Should I Set Reading Purposes for My Students?

  • amount of reading
  • 24 April, 2016

            For nearly a century, leading educators and school textbooks have encouraged teachers to set a purpose for reading. Sometimes these purposes are called “motivation” or they might be stated as questions, “What is a population?” or “What is the major problem the main character faces?”

            It makes sense. We want our kids to be purposeful and such purpose-focused reading leads to higher comprehension, right?
            Not exactly. Researchers (e.g., Richard Mayer, John Guthrie) have shown that, indeed, if you set a specific purpose for reading, students will do a better job of accomplishing that purpose. So far so good.
            However, despite more kids getting correct answers, their overall reading comprehension tends to be depressed. 
            How can that be? Well, when you focus so specifically on a particular idea you are likely to get it, but that leads you to ignore the rest of the text message—lowering overall comprehension. You learn what you focus your attention on, but focusing on only a part of the text distracts attention from the rest. 
            I was reminded of all of this while doing a French lesson this week (I’m finally taking a class). The assignment required me to listen to a series of audiotaped messages and to pay special attention to the numbers in the various messages (e.g., prices, addresses). 
            I’m struggling to understand French by ear, so what I found myself doing was focusing so heavily on recording the correct numbers, I wasn’t comprehending the messages at all. I’d know they were talking about 10 somethings, but I honestly had no idea what. Frankly, I didn’t need to know 10 whats, I just had to know 10, so I found myself losing track of everything else.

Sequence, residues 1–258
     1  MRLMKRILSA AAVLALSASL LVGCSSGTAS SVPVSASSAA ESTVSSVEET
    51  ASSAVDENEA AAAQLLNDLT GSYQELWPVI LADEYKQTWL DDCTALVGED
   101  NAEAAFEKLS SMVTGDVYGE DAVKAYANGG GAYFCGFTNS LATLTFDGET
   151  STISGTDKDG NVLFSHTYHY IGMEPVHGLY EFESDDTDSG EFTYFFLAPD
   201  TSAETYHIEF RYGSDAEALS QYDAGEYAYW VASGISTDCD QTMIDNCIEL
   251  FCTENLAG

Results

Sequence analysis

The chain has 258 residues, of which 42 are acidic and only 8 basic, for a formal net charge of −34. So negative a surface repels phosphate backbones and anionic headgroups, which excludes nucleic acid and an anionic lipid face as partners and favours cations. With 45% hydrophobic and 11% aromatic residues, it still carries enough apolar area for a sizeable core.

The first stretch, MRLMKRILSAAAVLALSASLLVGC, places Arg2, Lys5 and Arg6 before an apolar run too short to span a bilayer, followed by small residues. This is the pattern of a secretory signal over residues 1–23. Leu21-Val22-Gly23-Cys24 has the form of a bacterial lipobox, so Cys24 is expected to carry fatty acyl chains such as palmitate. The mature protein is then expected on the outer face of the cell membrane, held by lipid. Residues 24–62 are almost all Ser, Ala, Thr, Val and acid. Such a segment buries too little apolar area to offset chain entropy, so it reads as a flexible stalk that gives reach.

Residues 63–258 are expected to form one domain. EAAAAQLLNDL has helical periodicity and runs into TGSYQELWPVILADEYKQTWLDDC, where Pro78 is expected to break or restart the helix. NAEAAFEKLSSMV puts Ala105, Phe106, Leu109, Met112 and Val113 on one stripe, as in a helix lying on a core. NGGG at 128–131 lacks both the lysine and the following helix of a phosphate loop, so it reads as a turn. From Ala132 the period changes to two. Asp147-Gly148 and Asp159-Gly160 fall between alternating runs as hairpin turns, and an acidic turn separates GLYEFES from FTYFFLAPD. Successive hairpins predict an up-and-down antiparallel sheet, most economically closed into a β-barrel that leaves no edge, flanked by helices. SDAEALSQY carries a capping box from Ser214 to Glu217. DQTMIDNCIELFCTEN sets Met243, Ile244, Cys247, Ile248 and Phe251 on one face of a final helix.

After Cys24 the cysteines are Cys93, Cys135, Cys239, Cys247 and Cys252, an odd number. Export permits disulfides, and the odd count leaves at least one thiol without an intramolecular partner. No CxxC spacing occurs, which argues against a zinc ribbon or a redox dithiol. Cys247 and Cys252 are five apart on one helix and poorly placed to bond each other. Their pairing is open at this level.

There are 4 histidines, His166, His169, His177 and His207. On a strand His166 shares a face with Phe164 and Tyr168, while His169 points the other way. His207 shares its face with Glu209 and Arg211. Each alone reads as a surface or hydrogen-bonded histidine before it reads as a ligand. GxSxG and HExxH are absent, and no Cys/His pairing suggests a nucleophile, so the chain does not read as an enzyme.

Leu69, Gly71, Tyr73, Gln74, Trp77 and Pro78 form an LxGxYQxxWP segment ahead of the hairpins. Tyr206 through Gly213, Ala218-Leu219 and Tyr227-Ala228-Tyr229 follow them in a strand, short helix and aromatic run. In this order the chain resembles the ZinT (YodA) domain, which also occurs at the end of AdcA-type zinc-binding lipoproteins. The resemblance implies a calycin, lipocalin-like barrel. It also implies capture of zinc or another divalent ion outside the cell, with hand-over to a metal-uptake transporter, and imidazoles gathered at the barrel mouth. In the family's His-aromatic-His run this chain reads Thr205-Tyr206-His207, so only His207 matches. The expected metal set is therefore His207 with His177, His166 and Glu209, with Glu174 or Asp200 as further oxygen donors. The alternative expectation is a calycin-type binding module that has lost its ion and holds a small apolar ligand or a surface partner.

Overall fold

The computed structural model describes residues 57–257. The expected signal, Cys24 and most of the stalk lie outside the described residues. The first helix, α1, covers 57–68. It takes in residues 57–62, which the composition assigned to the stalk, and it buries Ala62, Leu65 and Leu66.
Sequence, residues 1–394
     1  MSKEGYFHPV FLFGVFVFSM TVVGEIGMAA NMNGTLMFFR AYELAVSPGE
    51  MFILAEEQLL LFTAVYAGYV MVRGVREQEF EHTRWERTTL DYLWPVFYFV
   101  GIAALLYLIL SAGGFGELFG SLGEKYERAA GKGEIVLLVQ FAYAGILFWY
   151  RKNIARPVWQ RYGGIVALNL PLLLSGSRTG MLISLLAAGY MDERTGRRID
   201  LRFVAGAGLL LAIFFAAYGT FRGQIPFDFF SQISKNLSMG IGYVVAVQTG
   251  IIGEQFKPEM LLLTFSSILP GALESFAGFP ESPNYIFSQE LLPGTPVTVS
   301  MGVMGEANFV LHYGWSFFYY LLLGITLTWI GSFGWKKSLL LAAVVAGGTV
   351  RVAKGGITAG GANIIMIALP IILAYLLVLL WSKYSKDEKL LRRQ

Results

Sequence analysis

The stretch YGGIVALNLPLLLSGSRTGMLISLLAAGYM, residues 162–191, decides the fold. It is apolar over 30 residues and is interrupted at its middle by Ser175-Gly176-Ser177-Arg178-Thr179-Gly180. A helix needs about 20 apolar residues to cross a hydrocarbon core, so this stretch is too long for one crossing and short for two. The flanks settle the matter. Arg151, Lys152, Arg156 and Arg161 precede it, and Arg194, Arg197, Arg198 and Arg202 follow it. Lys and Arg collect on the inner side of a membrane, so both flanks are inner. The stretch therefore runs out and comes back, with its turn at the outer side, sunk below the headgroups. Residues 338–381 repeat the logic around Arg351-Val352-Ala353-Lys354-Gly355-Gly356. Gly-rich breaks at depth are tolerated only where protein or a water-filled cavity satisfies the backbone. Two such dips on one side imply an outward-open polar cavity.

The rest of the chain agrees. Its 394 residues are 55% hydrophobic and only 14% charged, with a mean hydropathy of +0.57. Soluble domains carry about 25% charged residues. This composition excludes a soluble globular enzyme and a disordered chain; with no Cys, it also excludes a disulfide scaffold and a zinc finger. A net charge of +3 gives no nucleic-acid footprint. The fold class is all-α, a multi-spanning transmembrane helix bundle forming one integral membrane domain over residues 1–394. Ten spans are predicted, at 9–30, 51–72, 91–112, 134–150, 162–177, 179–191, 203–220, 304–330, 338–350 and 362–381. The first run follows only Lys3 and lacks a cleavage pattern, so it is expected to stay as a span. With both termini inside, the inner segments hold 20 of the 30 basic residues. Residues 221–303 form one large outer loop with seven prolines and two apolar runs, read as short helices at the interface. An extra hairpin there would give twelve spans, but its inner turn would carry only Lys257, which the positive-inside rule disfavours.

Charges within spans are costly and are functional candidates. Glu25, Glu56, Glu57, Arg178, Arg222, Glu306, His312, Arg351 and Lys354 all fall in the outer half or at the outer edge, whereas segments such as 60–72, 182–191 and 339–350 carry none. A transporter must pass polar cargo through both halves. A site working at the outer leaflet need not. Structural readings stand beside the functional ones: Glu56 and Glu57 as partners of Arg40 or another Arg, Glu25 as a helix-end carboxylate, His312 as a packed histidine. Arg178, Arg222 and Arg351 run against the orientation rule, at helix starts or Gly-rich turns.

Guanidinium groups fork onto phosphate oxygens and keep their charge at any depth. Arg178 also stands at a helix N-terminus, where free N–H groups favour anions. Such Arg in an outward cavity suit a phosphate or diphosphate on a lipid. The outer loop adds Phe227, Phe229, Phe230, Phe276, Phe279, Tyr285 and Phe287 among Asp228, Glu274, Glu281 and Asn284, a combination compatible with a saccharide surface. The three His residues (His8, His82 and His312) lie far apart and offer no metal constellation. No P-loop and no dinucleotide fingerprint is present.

I suspect that if this happened to me when I was in elementary school, I probably would have been fine with it. Ignoring the message is the fastest and most certain way to accomplish the assignment—though it isn’t great for learning language or reading.
            To truly be a successful comprehender, I needed a different mental set for this activity. I needed first to try to understand the messages, and then to try to remember or go back to figure out the numbers. When I took a breath, ignored the numbers for the moment, and just tried to understand what the French speakers were telling me, I did much better. (And, at my age, since I really do want to learn French, I did just that even though it took longer. I’ve learned a thing or two since I was 12).
            My successful, but foolish, initial approach to this comprehension assignment made me wonder how common such purpose setting is in reading lessons. I typed purpose setting and reading comprehension into Google. There were some irrelevant pieces that talked about different purposes for reading (entertainment, learning, etc.), but for the most part there was an extensive amount of guidance advising teachers of the importance of either setting specific purposes for reading or teaching kids to set their own specific purposes. Clearly, these experts haven’t read the research on this misguided instructional practice.
            If you want kids to skim a text to locate a particular answer and you don’t care whether they understand the story, article, or chapter, then, by all means, give them specific purposes for such searching. However, if you are giving a purpose to guide reading comprehension, then be as non-specific in your purpose setting as possible (e.g., read to find out what happens in this story, read to find out what this author has to say about global warming, read to see if you can retell this later). 

            Yes, it is a big mistake to give a reading assignment that includes completing the comprehension questions at the end of the chapter—unless you don’t care whether the students read the chapter or not. Kids tend to aim at efficiency—getting the assignment done as quickly and with as little effort as possible—not learning. Don’t be surprised if they accomplish what appears to be the teacher’s purpose: coming up with answers to those questions rather than reading the text to try to understand the author’s message.


See what others have to say about this topic.

enlb Apr 06, 2017 06:21 PM

Thank you for your intriguing article. I'm interested in reading the research on this. Can you cite some studies?


Anonymous Apr 06, 2017 06:22 PM